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Compensation for expropriation is the sum of many parts

When Fingrid executes transmission line projects, it redeems the right to build transmission lines from private landowners. The company pay compensation in an amount determined by the National Land Survey of Finland.

Transmission line expropriations are occurring at an accelerating pace, as wind power operators are also expropriating land. Wind farms usually have a connection line to a Fingrid substation.

Wind power operators usually pay more in compensation to landowners than Fingrid.

“We have a public function, regulated by the Electricity Market Act, to keep Finland’s power system running. In principle, the legislation should ensure adequate compensation for landowners. Conversely, wind power operators are business entities, so they can determine compensation themselves,” says Mikko Kuoppala, Senior Expert at Fingrid.

Compensation for loss, damage and harm

Fingrid pays landowners the compensation required by law, as decided upon by an expropriation committee led by the National Land Survey of Finland. Expropriations always involve loss, and damage sometimes occurs.

“Loss, damage and harm are the three factors for which landowners must be compensated,” summarises
Mauri Asmundela, Director at the National Land Survey of Finland.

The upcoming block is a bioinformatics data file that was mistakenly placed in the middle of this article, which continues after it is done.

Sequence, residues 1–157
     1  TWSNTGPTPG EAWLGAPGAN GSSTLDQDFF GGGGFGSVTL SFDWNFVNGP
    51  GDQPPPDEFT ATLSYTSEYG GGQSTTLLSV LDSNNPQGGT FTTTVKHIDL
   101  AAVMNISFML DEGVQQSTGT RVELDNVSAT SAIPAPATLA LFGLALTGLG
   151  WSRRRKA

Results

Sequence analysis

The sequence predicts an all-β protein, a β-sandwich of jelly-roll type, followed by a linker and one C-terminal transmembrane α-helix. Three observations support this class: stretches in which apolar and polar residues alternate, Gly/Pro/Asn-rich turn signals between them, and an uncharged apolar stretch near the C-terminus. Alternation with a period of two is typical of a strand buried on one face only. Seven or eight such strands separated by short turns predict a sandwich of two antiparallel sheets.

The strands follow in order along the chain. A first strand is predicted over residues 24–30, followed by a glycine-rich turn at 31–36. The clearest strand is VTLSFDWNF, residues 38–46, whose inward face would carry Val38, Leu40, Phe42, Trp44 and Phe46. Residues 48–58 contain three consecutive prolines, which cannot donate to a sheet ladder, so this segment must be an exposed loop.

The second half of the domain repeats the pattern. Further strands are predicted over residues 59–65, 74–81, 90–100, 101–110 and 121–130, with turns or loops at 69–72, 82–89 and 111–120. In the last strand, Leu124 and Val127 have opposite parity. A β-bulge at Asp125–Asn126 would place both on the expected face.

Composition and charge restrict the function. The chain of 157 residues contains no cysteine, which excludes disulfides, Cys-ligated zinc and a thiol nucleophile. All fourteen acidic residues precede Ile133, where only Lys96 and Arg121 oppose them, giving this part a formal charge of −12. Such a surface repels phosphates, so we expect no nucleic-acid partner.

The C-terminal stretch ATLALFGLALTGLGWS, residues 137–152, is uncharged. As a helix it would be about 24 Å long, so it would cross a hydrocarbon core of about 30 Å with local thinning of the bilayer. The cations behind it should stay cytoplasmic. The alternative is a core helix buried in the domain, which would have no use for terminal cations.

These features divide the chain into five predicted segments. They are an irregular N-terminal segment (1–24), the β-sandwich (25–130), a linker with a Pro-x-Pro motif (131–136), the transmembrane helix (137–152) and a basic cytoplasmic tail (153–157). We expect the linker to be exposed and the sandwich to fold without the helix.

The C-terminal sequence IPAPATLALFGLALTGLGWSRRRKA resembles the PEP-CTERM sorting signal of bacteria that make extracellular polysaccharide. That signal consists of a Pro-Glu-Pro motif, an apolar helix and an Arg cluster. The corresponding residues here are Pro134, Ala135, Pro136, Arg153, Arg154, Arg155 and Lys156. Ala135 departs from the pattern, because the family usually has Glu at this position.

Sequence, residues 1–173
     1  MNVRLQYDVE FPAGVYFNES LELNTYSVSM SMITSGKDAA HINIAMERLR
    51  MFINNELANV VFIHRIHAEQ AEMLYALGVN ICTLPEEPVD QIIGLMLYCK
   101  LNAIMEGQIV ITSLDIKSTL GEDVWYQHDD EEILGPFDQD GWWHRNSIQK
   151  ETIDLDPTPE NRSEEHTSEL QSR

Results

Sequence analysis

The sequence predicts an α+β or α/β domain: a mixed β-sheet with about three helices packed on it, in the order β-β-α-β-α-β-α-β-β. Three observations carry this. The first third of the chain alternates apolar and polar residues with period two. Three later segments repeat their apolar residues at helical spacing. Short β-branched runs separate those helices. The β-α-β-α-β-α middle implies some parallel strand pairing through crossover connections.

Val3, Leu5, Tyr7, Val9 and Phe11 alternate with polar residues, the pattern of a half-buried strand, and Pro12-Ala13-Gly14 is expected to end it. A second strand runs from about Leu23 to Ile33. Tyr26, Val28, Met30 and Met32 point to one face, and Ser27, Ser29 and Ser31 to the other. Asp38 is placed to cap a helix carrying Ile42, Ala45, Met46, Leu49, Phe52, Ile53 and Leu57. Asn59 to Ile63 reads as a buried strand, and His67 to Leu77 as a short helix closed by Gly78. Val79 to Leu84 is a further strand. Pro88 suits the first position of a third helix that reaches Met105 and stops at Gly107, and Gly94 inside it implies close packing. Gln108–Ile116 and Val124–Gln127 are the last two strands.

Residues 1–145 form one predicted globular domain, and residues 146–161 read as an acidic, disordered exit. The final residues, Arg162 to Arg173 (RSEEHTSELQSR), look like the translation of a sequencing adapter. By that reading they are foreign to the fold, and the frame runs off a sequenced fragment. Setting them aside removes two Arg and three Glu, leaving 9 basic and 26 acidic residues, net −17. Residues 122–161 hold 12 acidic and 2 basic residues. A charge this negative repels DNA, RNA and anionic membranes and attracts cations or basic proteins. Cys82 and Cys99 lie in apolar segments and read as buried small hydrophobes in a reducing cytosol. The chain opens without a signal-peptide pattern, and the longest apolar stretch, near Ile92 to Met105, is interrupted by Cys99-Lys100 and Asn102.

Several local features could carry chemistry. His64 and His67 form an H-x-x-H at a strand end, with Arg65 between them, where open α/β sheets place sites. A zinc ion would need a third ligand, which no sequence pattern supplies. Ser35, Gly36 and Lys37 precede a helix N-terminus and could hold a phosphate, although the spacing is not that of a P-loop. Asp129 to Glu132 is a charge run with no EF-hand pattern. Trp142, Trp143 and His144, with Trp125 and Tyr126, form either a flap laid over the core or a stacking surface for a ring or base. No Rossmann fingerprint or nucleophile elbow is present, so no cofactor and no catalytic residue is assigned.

The quantity and quality of the timber are crucial aspects, and the price per hectare can vary greatly.

When land is expropriated, it can contain any kind of standing timber. The quantity and quality of the timber are crucial aspects, and the price per hectare can vary greatly.

If timber is still in the growth phase, the expected value of the timber is paid. If a sapling stand is expropriated, compensation is paid for the saplings and for the planting and cultivation of them.

“Bare soil is a largely theoretical concept. Simply mentioning this idea tends to distort the amounts of compensation. Each parcel of land must be considered as a whole,” Asmundela emphasises.

The replacement guarantee must also be effective. In other words, the compensation must enable equivalent assets to be acquired to replace the lost ones. The most recent research shows that this is effective, but that research was conducted over 10 years ago.

Asmundela points out that the forest experts at the National Land Survey of Finland constantly monitor price trends and use the latest forest data for many different purposes.

“The market prices of forests and the price per cubic metre of timber have risen. It is a logical trend. Based on constant analysis, it is fair to say that none of the factors has got out of hand,” Asmundela says.


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